This opens up the possibility of using your big screen TV for web surfing while keeping the convenience of the touch interface (as opposed to using the clunky remote control commands you have to use when using most TV based browsers).
- Start Chrome and browse to a web page
- Find the Google Cast icon in the upper right corner and tap on it
- Pick your Chromecast from the list and tap it
- The Google Cast icon will change from grey to blue when it’s being screen-cast
That’s it. It will keep streaming the tab until you either turn it off, tell it to stream a new tab, or close the tab.
Chromecast on Surface: “Cast” Netflix to your TV
To give you a different example of using a Chromecast with a Surface tablet (and since you can’t use the Windows version of the Netflix app to do it) let’s run through casting a Netflix movie using the Chrome browser. Of course, to do this, you need a valid Netflix subscription.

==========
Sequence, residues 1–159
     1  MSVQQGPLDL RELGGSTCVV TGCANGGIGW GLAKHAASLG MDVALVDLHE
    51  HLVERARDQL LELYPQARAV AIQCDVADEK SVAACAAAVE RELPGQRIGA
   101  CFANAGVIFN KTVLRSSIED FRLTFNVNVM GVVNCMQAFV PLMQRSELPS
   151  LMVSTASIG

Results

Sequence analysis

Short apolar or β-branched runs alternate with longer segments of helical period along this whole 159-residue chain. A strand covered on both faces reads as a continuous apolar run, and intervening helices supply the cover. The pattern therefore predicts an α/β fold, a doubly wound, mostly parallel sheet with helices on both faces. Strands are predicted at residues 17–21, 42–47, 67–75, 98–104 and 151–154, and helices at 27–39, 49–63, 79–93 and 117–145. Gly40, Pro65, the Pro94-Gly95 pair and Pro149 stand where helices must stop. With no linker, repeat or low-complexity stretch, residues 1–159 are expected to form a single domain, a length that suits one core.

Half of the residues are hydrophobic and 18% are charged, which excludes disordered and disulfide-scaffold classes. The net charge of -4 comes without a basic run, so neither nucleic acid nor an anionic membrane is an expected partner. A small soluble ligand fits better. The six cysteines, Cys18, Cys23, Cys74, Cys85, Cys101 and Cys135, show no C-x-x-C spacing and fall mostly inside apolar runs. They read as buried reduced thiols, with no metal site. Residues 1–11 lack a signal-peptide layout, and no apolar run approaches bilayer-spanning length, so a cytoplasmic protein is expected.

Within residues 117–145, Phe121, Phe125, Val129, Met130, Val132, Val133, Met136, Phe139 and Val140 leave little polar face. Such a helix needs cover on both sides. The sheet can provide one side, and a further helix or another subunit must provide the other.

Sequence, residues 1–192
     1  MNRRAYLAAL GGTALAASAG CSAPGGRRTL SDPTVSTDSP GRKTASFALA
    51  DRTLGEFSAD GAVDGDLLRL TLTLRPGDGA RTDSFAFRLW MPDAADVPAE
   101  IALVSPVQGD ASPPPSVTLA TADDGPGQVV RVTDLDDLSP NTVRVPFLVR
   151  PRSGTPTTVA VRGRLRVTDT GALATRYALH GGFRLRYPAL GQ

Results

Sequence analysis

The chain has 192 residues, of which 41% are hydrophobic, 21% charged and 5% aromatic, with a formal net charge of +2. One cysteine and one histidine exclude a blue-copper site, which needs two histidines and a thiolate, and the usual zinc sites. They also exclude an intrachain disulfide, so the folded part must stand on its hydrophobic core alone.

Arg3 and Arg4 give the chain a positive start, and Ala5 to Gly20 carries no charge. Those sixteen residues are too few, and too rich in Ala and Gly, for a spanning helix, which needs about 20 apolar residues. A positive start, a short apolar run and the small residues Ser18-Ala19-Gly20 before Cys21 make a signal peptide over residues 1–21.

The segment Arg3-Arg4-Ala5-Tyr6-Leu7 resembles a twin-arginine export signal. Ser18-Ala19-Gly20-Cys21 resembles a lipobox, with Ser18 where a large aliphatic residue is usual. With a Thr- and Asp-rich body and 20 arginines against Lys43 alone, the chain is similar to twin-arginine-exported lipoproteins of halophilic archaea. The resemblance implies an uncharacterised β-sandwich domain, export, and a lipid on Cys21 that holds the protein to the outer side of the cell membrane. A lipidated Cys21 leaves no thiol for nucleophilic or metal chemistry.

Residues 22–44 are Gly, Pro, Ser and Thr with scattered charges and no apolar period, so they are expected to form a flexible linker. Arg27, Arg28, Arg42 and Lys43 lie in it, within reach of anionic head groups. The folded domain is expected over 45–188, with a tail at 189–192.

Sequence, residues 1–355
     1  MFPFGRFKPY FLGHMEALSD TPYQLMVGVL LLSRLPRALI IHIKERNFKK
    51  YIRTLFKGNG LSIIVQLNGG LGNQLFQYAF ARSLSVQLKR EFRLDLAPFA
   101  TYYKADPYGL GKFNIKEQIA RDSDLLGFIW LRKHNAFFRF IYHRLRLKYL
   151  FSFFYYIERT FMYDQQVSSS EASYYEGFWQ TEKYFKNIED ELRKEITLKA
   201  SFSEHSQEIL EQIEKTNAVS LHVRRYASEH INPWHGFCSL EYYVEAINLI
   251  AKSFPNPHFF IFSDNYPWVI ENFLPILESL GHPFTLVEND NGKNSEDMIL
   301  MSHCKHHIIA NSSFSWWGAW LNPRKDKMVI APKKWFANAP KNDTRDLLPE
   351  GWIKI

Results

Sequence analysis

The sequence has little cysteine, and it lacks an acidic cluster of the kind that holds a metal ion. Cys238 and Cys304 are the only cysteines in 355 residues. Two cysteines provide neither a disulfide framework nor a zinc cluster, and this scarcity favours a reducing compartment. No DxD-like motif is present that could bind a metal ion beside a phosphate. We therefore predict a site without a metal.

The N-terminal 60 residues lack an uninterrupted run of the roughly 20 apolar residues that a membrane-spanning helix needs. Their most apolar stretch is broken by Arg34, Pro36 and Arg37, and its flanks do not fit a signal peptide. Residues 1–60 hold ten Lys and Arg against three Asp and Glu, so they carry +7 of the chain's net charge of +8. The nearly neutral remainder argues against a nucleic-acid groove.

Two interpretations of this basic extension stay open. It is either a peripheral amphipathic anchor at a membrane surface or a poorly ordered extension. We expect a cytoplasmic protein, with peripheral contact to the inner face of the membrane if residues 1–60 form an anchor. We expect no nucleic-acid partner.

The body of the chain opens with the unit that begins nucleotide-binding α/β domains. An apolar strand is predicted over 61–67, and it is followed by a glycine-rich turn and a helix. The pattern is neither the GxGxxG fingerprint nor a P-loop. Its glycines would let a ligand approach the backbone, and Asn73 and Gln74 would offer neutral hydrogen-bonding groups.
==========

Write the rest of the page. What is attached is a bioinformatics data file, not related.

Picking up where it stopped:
- Go to www.netflix.com and log in with your account
- Pick the movie you want to cast and start it normally
- When the movie starts, touch the screen to bring up the playback menu bar. On the right end of the bar will be the Play on your TV icon
- A sub-menu will appear, select your Chromecast
This is cool because it allows you to control the movie right from your Surface as if it were a remote control. For example, you can:
- Pause or stop the movie
- Adjust the volume
- Change the language (depending on the movie)
- Turn on or off the subtitles
- Fast forward or rewind the movie via the scroll bar
So long as you leave the Netflix tab running, you can switch over to another task like bringing up a web tab or even playing a game (yes, my ADD kicked in and I tried it during a boring part).
I hope you found this post informative or helpful and I’d love to hear from you as to what you think.
(Last Updated: June 2015)
Tim Rolston is a professional geek with over 23 years of experience working in Information Technology and dealing with everything from large-scale storage to remote systems management and automation for organizations such as Texas Instruments, Mobil Oil, and the University of Michigan (where he was an Academic IT Director).
He co-founded JTRTech along with Joanna to realize his long-time dream of working for himself.